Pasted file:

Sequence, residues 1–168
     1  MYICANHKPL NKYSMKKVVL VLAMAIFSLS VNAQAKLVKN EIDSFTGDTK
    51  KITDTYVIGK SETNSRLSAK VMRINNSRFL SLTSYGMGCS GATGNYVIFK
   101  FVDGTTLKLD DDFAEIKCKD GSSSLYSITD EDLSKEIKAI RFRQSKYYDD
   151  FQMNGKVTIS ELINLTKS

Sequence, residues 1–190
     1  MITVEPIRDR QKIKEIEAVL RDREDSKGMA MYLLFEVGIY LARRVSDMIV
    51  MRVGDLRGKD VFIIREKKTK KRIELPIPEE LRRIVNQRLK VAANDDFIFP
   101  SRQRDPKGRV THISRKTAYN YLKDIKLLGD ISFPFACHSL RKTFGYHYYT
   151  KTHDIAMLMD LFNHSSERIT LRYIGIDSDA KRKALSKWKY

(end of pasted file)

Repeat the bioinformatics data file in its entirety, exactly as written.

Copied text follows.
Sequence, residues 1–168
     1  MYICANHKPL NKYSMKKVVL VLAMAIFSLS VNAQAKLVKN EIDSFTGDTK
    51  KITDTYVIGK SETNSRLSAK VMRINNSRFL SLTSYGMGCS GATGNYVIFK
   101  FVDGTTLKLD DDFAEIKCKD GSSSLYSITD EDLSKEIKAI RFRQSKYYDD
   151  FQMNGKVTIS ELINLTKS

Sequence, residues 1–190
     1  MITVEPIRDR QKIKEIEAVL RDREDSKGMA MYLLFEVGIY LARRVSDMIV
    51  MRVGDLRGKD VFIIREKKTK KRIELPIPEE LRRIVNQRLK VAANDDFIFP
   101  SRQRDPKGRV THISRKTAYN YLKDIKLLGD ISFPFACHSL RKTFGYHYYT
   151  KTHDIAMLMD LFNHSSERIT LRYIGIDSDA KRKALSKWKY